At one time or another, everyone has had situations where zooming in on a video clip adds that finishing touch. Whether it’s for effect or for greater stand-off distance, the convenience of camera zoom takes your photography to the professional level.
In this blog, I’ll show you how to get Full High Definition (1080p) results at a zoom factor of 1.4x using a fixed-lens camera. This is good information for venues like sporting events and weddings, which can be recorded from the air but at a great enough distance so the drone’s presence has minimal notice. For more information on camera resolution please read my blog Setting Up Your Aerial Drone Camera.
Do I Need an Expensive High-End Drone and Camera?
Although that would be one way to get zoom capability, it can be a very expensive investment. But, let’s look at just one of many high-end drone/camera solutions:
For a modest investment of $5,000 you can purchase a DJI Inspire 2 drone, Zenmuse X5S camera, and Lumix 14-42mm zoom lens and the results will be quite professional. The Lumix lens gives you the standard camera focal length equivalent of 28-84mm. So, with 50mm as the standard for zero magnification, this camera has a zoom range of 0.6x wide angle to 1.7x telephoto. Remember these numbers.
Is There a Less Expensive Alternative?
There’s another solution that is far less expensive and provides excellent results. Many drones on the market can record Cinema 4K video, which has a resolution of 4096×2160 pixels. However, most users are satisfied with a Full HD resolution of 1920×1080 pixels.
What these numbers mean is that to get a digital zoom capability, you can record video in Cinema 4K mode, which leaves plenty of resolution to render any portion of the frame in Full HD. Rendering the video is done in post-processing, where video clips are transformed into the finished video.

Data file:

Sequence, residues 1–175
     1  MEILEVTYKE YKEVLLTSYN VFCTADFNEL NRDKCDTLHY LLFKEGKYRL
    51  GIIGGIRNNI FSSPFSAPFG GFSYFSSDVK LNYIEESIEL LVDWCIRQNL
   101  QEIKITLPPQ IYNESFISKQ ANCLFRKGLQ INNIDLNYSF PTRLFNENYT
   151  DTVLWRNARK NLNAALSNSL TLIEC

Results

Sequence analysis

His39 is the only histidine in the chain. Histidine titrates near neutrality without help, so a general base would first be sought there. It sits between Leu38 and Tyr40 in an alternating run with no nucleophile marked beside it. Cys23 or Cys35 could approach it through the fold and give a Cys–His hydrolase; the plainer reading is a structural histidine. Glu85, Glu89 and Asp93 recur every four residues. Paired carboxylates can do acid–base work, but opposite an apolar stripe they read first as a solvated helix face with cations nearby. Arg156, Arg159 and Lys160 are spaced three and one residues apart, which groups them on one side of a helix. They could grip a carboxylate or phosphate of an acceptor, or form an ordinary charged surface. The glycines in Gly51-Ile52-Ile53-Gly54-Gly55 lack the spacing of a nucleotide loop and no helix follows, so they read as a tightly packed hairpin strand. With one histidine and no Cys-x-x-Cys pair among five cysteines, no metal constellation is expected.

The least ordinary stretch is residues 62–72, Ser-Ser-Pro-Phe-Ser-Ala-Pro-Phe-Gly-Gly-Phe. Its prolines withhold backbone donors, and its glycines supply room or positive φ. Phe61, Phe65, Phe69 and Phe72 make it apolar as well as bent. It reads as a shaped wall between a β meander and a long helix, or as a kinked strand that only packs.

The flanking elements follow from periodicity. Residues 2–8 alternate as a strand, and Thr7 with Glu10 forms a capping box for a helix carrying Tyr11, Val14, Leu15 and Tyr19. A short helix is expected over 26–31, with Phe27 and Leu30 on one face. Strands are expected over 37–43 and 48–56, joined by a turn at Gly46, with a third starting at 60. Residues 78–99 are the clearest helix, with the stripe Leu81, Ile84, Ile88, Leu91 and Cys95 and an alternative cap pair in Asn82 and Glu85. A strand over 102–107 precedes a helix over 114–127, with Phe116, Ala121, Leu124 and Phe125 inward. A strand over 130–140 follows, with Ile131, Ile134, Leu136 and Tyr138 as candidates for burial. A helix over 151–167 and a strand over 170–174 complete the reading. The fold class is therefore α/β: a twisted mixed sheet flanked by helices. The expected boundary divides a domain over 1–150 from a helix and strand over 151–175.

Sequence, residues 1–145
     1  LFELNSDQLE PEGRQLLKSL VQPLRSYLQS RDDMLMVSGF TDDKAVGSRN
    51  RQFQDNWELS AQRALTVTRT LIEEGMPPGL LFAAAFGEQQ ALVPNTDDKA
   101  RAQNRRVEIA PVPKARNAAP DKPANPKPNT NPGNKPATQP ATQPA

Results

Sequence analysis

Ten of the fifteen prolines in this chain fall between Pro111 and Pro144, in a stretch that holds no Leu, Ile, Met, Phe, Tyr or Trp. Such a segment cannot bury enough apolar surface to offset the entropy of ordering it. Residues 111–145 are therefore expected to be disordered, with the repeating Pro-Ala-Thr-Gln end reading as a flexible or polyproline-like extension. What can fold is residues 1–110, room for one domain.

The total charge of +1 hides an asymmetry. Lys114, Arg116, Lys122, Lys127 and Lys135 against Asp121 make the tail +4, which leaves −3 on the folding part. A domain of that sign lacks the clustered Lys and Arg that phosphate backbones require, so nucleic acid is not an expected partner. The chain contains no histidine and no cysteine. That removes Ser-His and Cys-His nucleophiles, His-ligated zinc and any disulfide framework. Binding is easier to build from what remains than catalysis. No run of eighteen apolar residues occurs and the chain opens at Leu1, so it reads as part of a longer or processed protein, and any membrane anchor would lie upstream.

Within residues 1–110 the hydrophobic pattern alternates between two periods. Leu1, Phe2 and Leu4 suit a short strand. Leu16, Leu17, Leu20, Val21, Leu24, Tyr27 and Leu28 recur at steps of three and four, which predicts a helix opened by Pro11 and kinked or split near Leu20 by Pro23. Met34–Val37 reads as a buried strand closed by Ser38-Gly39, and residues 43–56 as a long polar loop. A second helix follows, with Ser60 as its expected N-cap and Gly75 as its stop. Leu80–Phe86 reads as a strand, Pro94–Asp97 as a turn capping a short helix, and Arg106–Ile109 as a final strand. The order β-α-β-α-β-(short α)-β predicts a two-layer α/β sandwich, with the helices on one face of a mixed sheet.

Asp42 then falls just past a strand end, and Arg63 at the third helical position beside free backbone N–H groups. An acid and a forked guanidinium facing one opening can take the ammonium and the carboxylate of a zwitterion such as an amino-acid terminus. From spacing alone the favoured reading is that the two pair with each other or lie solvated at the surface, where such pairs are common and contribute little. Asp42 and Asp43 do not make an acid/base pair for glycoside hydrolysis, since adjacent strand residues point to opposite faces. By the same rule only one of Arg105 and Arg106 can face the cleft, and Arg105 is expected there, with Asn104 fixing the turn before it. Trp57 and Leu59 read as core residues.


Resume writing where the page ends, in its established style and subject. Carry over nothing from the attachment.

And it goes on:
For example, we can use our drone to record the desired scene in C4K mode. We start with the equivalent wide angle focal length of the camera’s lens, which is 35mm (0.7x). Using post-processing software, as much or as little of the C4K image can be cropped for the desired magnification. So, when your video is captured in C4K, you can select a crop “window” of up to 50% and render your new “zoomed-in” video in beautiful FHD. In other words, you get a full-definition 1920×1080 pixels! For this level of cropping, you achieve a zoom factor of 1.4x, equivalent to a 70mm telephoto lens.
Compared with the $5,000 solution, which zooms 0.6x to 1.7x, this digital zoom technique gets you 0.7x to 1.4x.
Any More Slick Ideas?
Two for sure . . .
- If you want even more zoom, just crop to get the desired magnification. There’s no limit to how much you can crop, though you will start to see the results of lower resolution. For example, you can crop at 25%, which gives you a zoom factor of 2.8x (140mm telephoto) but the resulting FHD video will display a lower resolution of 1024×540 pixels.
- Any method of zoom will increase the image’s sensitivity to camera movement. So a small and acceptable level of vibration at 0.7x may be objectionable at 1.4x. Unwanted vibration can be minimized in post-processing using image stabilization. For more information please read my blog Video Production and Post-Processing.
At FAD-Photo, we use the DJI Phantom 4 Professional V2, which provides a highly stable platform capable of stunning high definition photographs and videos. We have mastered the art of taking C4K videos and using our post-processing software to minimize vibration and render FHD videos.
We deliver the results you would expect from a professional aerial drone photography service! For more information, please refer to our Aerial Drone Photography and Video Services page.